I loathed the corporate world. Up to that point I had been a total philistine, I’d not worn make-up, stockings, jewelry and suddenly I was having to dress in suits and present a polished appearance which is totally unlike me. I am a jeans every day kind of girl. I also didn’t like the job. In my idealistic twenties I thought that making money for a big corporation was an unworthy way to spend your life (now I realize someone has to sell the computer I am currently typing on). So after a year when IBM was having big problems worldwide (this was 1991) and offered redundancies I took a teaching job instead, just like I’d originally wanted to do, and walked away with a 10K redundancy package – which was huge for a year’s service!
My first teaching job was at a small school. They must have been desperate. I was interviewed Friday and on Monday I was in the classroom teaching Year 12 Maths despite having no formal teaching qualifications. I also had not quit IBM or returned the company car as I was officially on holidays so I had a busy week that week…
The school was very supportive, timetabled their school timetable the next year around my uni timetable so I could do my Dip Ed and be formally trained. After a few years, plans changed and I quit as the next year I was getting married and we planned to move overseas so I didn’t think it was fair to quit in the middle of the year. So for the first half of that year I lectured at uni in third year pedagogy and tafe in business statistics then packed up and off we went on a three month European jaunt – our first trip overseas. The plan was we’d stop in Singapore on the way back, if we got jobs we’d stay, if not, we’d come home.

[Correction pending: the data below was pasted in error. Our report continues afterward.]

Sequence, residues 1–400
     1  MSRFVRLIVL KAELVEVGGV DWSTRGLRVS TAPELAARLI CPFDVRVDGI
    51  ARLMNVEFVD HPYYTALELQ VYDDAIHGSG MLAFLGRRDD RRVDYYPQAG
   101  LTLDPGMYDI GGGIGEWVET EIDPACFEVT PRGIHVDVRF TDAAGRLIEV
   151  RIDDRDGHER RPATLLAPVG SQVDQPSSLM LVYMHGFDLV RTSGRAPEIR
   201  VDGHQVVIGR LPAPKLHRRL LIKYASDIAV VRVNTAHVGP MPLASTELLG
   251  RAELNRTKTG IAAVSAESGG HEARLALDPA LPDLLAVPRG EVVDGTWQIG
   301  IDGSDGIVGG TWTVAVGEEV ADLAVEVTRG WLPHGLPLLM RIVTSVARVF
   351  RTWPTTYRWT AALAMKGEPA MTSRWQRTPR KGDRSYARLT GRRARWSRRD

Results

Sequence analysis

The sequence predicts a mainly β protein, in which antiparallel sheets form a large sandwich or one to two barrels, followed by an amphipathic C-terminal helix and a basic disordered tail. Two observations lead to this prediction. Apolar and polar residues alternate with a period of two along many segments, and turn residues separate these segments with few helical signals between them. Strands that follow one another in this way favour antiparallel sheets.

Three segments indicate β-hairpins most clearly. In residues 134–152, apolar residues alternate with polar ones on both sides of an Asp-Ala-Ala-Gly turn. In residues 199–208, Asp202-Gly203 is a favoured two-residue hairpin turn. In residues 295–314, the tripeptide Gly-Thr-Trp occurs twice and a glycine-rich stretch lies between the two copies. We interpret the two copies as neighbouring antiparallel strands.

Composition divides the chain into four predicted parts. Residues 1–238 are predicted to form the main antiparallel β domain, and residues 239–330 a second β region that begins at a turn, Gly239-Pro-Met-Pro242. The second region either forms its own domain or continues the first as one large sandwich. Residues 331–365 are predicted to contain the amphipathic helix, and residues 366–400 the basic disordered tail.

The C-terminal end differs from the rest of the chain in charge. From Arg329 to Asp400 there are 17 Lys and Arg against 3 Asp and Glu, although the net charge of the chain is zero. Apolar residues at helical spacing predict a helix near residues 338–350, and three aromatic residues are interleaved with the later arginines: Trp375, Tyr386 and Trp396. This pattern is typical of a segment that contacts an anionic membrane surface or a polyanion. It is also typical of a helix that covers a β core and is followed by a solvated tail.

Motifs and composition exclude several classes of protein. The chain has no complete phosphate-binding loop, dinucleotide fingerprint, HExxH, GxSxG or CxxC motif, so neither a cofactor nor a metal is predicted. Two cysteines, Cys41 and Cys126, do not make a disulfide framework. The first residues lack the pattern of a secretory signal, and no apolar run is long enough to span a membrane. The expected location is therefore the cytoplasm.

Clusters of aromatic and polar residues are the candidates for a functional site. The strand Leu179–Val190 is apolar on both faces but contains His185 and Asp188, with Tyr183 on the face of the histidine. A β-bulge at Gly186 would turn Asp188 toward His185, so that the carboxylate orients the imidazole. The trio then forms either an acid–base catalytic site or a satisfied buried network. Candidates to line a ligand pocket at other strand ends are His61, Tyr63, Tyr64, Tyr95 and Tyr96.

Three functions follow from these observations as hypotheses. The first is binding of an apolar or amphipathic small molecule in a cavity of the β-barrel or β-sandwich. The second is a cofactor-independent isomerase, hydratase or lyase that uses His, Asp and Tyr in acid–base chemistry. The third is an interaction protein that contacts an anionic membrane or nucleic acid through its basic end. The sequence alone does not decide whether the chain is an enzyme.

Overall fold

We got jobs. We stayed. For 4 years. We became permanent residents. We bought government housing. We moved to Hong Kong. We stayed 2 years. Asian Economic Crisis. We had to sell our flat. Lost money. Stupid economic crisis.
We had a fabulous time living in Asia. In Singapore I taught at the Australian International School (Maths and Computing) and in Hong Kong I was a NET teacher. This was a new scheme ‘Native English Teacher’ where the government would stick a native speaker in a school and wham the English skills of the school would miraculously improve. In theory. The reality varied widely school form school. More on that another time. Despite this being over 8 years ago now I still am good friends with lots of staff from both schools and the whole experience enriched my life and my perspective on the world.